to bar rapid trading. Among these measures was increasingly strict language in its fund

prospectuses. Beginning in 1997, Strong began warning clients that frequent traders could be

banned: “Since an excessive number of exchanges may be detrimental to the Funds, each Fund

reserves the right to discontinue the exchange privilege of any shareholder who makes more than

five exchanges in a year or three exchanges in a calendar quarter.”

       38.     The prospectus language evolved until, for most funds, by late 2000 it read:

               The fund will consider the following factors to identify market timers: shareholders
               who have (i) requested an exchange out of the fund within two weeks of an earlier
               exchange request, or (ii) exchanged shares out of a fund more than twice in a
               calendar quarter, or (iii) exchanged shares equal to at least $5 million, or more
               than 1% of the fund’s assets, or (iv) otherwise seem to follow a timing pattern.
               Shares under common ownership or control are combined for purposes of these

Strong expressly reserved the right to: “Reject any purchase request for any reason including

exchanges from other Strong Funds. Generally, we do this if the purchase or exchange is

disruptive to the efficient management of a fund (due to the timing of the investment or an

investor’s history of excessive trading).”

       39.     Excluding customers for timing, however, depended on first catching them. Over

the years, Strong’s internal controls evolved, and did so in a way that corresponded to its business

lines. For example, Strong sold mutual fund shares through a number of outlets: (1) through its

“retail” operation; (2) through its own brokerage firm; and (3) through other brokerage firms.

Each outlet had different operational requirements for processing trades, so Strong used different

techniques to catch timers, and it allocated its limited policing resources to where it perceived the

greatest abuse. More funds were monitored, for example, in the intermediary outlet (i.e., Strong

Funds sold through other brokerage firms) than in the retail one. Indeed, in March 2003, Strong

stopped aggressively monitoring trades for any funds in retail accounts after concluding that less

than 1% of market timing was attributable to retail customers. The locations of these market-

timing speed-traps were not disclosed to the public. Nor was the trade size that would trip the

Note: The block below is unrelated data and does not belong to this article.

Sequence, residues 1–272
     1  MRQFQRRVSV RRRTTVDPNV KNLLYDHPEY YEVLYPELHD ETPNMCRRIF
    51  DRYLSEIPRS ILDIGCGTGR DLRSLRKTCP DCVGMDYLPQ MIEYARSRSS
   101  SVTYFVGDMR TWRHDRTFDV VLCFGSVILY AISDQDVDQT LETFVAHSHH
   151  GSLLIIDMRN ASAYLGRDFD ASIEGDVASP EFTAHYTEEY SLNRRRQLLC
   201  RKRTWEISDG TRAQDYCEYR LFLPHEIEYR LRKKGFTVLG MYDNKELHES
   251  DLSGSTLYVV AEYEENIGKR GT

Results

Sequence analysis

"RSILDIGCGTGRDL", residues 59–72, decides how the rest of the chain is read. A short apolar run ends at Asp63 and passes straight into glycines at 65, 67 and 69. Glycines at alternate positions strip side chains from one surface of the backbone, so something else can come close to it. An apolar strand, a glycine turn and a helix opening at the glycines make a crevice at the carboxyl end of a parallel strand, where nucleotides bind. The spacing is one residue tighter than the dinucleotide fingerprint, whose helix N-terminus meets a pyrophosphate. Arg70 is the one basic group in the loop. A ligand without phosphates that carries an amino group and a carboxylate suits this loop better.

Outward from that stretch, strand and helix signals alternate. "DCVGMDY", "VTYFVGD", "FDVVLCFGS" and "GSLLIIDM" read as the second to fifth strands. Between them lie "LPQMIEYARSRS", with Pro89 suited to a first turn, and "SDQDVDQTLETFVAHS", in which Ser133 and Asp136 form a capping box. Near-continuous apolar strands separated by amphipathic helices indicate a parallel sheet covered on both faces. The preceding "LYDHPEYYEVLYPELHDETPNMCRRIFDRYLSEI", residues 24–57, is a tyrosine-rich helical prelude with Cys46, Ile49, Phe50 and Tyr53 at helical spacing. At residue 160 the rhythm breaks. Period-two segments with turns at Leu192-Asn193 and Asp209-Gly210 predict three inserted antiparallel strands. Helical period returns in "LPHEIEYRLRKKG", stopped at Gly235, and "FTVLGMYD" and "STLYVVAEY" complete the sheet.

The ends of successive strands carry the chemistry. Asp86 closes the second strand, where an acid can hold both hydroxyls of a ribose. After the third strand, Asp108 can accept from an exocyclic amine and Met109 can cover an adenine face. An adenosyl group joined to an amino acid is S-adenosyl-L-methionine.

monitors’ radar.

       40.     From 1998 through 2003, hundreds of Strong mutual fund shareholders were

identified as market timers and banned from investing in funds. Many of those excluded had come

to Strong from other brokers. To exclude them, Strong would send a letter to the broker

forbidding it to allow the customer to buy Strong funds henceforth. A typical banishment letter

read: “We understand that the client’s investment management process includes some tactical and

short-term trading activity. In our experience, because we pride ourselves in delivering consistent

long-term superior investment results, short-term trading activity is disruptive to the management

and operations of our portfolios.” After directing that no future trades be taken from the client,

the letter emphasized: “At Strong Capital Management we take our fiduciary responsibility to our

investors very seriously. We trust that you understand and appreciate our perspective on this

matter.” Strong sent out scores of letters using this or similar language.

       41.     Retail customers received more hands-on treatment, getting warning telephone

calls from Strong employees if they were detected market timing. In those calls, which Strong

recorded and preserved, Strong employees persistently warned small traders that they were

hurting other investors and would be barred from trading if they continued. For example, in late

2001, a Strong employee told a husband that his wife’s trading was hurting one Strong mutual

fund: “This frequent in and out of mutual funds really hurts all of the other investors in that fund,

so we have to ask that that pattern of trading not take place.” Strong repeatedly emphasized the

buy-and-hold nature of mutual funds, with telephone representatives telling one customer, for

example, “when mutual funds are purchased, they’re usually for long term investments,” and

another, “Mutual funds really aren’t meant to . . . be day traded at all.”

        42.      Customers who protested were assured that anti-timing enforcement was even-

handed (“we do treat clients very fairly on this issue, as far as client-to-client”) and that no one

got special treatment (“we do have some pretty specific objecti[ve] criteria we use so that we do,

I feel, consistently contact people regardless of who they are . . . .”).

        43.      Call center personnel explained that even small trades could be disruptive because